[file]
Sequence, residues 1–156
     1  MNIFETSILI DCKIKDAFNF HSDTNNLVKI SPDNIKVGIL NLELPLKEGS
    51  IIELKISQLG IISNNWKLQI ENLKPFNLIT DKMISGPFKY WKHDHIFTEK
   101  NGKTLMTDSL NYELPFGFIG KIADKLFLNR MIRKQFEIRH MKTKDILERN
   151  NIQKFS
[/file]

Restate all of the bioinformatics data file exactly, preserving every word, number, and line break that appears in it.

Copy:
Sequence, residues 1–156
     1  MNIFETSILI DCKIKDAFNF HSDTNNLVKI SPDNIKVGIL NLELPLKEGS
    51  IIELKISQLG IISNNWKLQI ENLKPFNLIT DKMISGPFKY WKHDHIFTEK
   101  NGKTLMTDSL NYELPFGFIG KIADKLFLNR MIRKQFEIRH MKTKDILERN
   151  NIQKFS